The case: You often leave the store with impulse-purchases at hand—purchases you might not even use. At times, you find yourself staring at your closet full of clothes that will never see the light of day, debating whether or not a 5-year-old, unworn, knitted sweater you got for a bargain and has been sitting in your drawers for as long as you remember is worth throwing in with the trash. And now, you’re wondering why you have nothing to wear to work albeit the amount of shopping you’ve done a week before.
If you’re like me who’s easily intrigued by trends and likes to experiment with styles, you have probably already heard these lines before-- “Do I really need this?”, “Won’t there come a time when I could wear this black, furry, sparkly dress to a party?”
If you’re not, I’m pretty confident that at one point in your life you were confronted with the same dilemma-- WHAT DO I WEAR?
The truth: What most women don’t realize is that this dilemma lies in one’s box-fit perception that having less is problematic and more is better. However, when it comes to fashion and juggling getting dressed for work and hustling in the busy, corporate world, most of the time simple is simply the way to go.
As the founder of London boutique “Wardrobe” and the fashion adviser who coined the term Capsule Wardrobe Susie Faux once wrote in an online entry, “a woman who dresses with styles does not need to wear something different to work every day of the week, but she will want to wear it differently.” A capsule wardrobe is often pertained to as a collection of classic, versatile pieces that you can mix and match and wear for a long period of time. This often contains basic, timeless pieces that will never go out of fashion and can complement seasonal pieces. These pieces usually include plain T-shirts, denim jeans, trousers, cardigans, coats, boots, buttondowns, and pencil skirts. Perhaps, the next question here would be, how does one build one’s own capsule wardrobe?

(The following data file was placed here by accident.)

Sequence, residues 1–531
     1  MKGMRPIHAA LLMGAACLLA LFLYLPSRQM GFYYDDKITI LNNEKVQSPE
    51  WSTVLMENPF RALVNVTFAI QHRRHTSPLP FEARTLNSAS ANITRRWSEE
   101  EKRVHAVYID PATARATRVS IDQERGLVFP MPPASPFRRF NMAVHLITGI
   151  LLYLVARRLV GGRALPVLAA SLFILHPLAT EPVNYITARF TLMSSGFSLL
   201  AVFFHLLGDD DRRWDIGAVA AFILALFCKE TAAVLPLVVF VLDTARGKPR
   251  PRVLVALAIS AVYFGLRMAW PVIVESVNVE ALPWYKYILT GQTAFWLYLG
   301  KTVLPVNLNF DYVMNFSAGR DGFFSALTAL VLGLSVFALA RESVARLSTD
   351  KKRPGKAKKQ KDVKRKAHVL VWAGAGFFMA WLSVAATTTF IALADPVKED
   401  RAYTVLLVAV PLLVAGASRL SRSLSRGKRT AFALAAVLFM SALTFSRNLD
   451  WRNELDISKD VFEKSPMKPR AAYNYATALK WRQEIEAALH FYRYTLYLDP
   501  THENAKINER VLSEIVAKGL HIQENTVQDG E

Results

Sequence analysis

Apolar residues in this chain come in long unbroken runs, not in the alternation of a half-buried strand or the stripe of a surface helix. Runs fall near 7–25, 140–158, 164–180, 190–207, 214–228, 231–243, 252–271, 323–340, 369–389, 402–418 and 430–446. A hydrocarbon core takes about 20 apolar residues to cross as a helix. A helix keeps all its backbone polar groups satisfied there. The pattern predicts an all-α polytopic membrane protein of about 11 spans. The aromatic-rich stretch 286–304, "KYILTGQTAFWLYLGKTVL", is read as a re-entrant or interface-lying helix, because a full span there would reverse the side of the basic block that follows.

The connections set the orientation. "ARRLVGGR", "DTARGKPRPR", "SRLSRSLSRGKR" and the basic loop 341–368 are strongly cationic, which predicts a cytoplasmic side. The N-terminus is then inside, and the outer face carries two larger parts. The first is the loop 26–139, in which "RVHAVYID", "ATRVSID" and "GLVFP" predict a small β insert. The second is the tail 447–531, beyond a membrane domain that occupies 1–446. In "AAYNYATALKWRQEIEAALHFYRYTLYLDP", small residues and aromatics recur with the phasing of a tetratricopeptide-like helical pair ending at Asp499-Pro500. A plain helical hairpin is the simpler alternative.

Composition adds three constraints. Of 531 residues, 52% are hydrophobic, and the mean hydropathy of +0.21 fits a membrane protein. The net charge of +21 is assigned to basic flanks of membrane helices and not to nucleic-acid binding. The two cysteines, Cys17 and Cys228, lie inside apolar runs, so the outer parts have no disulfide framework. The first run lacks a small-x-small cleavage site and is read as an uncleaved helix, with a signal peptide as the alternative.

The solution: Choose quality over quantity. The first step is to review. Evaluate what you currently have in your closet and determine which of the pieces you really love and help you feel confident and which of the pieces you aren’t exactly good friends with. Next is to declutter. Clean out your closet and divide everything you have into 3 categories-- the first one is for the pieces you can easily mix and match and throw on. The second category is for the pieces you don’t usually wear but you like them anyway and can’t afford to throw them out. The third category is for the pieces you don’t wear and you’re willing to throw out or give away. Keep the first two at a close reach and consider selling or donating the third one; either way, you’re better off with quality pieces you can wear for the next ten years rather than having a huge pile of clothes that don’t even deserve to be in your closet. The last step is to build. After reviewing and decluttering your closet, you can gradually add more pieces to your capsule wardrobe which can help define your individual style better.
The conclusion: The moment you learn how to discern which of the pieces you own can help express who you are from those that do not is when you can absolutely feel confident with your own style. Having your own capsule wardrobe can save you a lot of time, space, money, and most of all, the stress that comes with deciding on what to wear on a daily basis. Capsule wardrobe dressing and cost-per-wear thinking will not only help you have a better understanding of your own style but dollars to donuts is that you will feel more comfortable in everything you own, and consequentially make you happier.
Why is our closet often full of things we never wear? Now you know why, and now you know that it does not have to be.